States Start Knitting a Patchwork of Best Interest Fiduciary Regulations

With the judicial defeat of the Obama-era DOL fiduciary rule hanging in the air, individual states are moving to establish their own best interest regulations for the sale and service of investment products; attorneys warn that more piecemeal regulation is likely, as are lawsuits to test some complex ERISA preemption issues.

A key New York State financial services industry regulator has approved a new “best interest” standard applying to all investment professionals licensed to sell life insurance and annuity products to state residents.

The regulations were specifically adopted by the State Department of Financial Services (DFS), which says it has issued the new rules intentionally in the wake of the failure of the Department of Labor’s own attempt to strengthen conflict of interest standards at the federal level. According to Financial Services Superintendent Maria Vullo, action is needed now to protect New York State consumers from conflicted financial advice.

In a statement summarizing the regulation, Vullo says New York will henceforth require insurers to “establish standards and procedures to supervise recommendations by agents and brokers to consumers with respect to life insurance policies and annuity contracts issued in New York State so that any transaction with respect to those policies is in the best interest of the consumer and appropriately addresses the insurance needs and financial objectives of the consumer at the time of the transaction.”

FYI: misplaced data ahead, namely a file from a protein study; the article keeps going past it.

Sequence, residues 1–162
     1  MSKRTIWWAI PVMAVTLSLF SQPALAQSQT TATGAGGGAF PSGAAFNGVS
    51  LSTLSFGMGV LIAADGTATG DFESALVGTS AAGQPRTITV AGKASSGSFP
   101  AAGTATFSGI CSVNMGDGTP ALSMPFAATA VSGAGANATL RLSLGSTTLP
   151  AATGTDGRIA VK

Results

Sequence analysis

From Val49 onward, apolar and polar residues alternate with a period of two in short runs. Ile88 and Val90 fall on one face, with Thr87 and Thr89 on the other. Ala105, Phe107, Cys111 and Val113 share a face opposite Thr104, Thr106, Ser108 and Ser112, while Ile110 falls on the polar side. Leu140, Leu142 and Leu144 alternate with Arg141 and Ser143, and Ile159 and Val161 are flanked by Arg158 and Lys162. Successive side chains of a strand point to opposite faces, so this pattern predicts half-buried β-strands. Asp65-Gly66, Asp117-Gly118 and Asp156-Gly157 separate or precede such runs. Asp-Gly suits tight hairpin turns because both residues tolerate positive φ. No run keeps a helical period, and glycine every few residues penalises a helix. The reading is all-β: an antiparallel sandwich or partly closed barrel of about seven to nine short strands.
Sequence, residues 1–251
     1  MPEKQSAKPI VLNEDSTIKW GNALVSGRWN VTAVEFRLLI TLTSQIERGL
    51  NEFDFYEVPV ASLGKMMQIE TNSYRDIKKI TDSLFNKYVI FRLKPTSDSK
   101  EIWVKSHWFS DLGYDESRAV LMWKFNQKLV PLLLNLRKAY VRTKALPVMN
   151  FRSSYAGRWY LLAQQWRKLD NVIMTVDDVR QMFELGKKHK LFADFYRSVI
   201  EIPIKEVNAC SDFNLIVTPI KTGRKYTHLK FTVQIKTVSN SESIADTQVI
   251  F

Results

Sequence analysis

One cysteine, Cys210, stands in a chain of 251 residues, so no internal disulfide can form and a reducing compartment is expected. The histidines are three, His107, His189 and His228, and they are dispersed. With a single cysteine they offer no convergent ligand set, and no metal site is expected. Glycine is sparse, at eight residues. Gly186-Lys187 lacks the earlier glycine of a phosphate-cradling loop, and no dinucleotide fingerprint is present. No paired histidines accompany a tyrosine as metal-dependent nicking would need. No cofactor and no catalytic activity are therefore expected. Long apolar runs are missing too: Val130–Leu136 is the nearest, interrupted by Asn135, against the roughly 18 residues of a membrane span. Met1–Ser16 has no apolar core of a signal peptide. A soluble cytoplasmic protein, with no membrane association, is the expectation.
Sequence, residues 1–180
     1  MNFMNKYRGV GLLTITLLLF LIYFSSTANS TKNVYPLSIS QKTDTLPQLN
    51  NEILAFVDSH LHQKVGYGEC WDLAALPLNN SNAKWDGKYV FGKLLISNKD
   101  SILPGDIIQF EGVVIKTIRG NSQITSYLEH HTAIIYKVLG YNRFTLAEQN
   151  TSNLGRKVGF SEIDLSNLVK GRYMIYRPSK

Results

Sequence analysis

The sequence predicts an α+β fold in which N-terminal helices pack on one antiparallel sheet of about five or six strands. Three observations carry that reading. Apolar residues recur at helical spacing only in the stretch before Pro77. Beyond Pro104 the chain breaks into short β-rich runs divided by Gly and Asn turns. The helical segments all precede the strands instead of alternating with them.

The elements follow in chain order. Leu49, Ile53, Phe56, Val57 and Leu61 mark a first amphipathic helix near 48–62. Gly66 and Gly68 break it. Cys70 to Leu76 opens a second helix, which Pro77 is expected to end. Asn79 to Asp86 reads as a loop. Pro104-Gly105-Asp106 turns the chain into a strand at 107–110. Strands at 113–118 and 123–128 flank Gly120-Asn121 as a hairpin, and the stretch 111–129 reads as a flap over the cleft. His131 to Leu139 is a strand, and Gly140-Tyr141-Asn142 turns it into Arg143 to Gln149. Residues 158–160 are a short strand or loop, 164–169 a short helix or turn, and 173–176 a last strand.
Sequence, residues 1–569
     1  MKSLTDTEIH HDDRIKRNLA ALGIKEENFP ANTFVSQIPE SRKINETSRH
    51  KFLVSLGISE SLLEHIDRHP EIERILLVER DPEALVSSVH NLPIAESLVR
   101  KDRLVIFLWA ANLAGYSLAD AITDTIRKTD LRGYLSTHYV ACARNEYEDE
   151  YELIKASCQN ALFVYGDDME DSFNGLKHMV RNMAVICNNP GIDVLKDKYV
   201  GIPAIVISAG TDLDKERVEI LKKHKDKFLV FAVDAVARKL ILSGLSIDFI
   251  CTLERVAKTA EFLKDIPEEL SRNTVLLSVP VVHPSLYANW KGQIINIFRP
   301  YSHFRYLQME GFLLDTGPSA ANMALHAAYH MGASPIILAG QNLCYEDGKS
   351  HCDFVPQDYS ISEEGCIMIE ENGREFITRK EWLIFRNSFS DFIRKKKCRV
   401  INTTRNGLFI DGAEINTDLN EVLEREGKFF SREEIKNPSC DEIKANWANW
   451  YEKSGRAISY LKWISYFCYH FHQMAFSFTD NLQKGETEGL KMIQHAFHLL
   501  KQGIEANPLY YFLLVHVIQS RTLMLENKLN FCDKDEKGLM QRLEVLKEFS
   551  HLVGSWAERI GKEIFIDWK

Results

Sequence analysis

Providers of annuity products will not exactly be thrilled to see themselves singled out by the New York regulations, especially given that they continue to face challenges in the wake of transaction processing disruptions caused by the now-vacated DOL fiduciary rule. Some experts anticipate sales to recover as business processes normalize and newer product types come to market, but piecemeal regulations coming out from more states could obviously disrupt any annuity market rebound. 

“As the federal government continues to roll back essential financial services regulations, New York once again is leading the way so that consumers who purchase life insurance and annuity products are assured that their financial services providers are acting in their best interest when providing advice,” Vullo adds. “Given the key role insurance products play in providing financial security to middle class New Yorkers, it is essential that a provider adhere to a high standard of care and only recommend insurance and annuity products that are in the consumer’s best interests and not be influenced by a producer’s financial incentives.”

Technically, this regulation amends New York’s current “suitability regulation,” which provides for a best interest standard of care for all sales of life insurance and annuity products, including both in the specific context of retirement planning, when recommendations are made prior to the sale of an insurance product or after the sale but during the servicing of the product for the consumer.  Under the regulation, a transaction is considered in the best interest of a consumer “when it is in furtherance of a consumer’s needs and objectives and where only the interests of the consumer are considered in making the recommendation.”